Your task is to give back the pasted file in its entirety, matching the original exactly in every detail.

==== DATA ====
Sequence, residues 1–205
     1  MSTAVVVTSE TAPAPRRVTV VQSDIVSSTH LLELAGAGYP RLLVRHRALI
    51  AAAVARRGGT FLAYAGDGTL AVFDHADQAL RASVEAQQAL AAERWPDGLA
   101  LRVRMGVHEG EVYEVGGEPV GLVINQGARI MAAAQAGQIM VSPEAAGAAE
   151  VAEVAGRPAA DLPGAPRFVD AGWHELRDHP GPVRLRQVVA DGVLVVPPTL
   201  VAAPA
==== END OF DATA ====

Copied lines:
Sequence, residues 1–205
     1  MSTAVVVTSE TAPAPRRVTV VQSDIVSSTH LLELAGAGYP RLLVRHRALI
    51  AAAVARRGGT FLAYAGDGTL AVFDHADQAL RASVEAQQAL AAERWPDGLA
   101  LRVRMGVHEG EVYEVGGEPV GLVINQGARI MAAAQAGQIM VSPEAAGAAE
   151  VAEVAGRPAA DLPGAPRFVD AGWHELRDHP GPVRLRQVVA DGVLVVPPTL
   201  VAAPA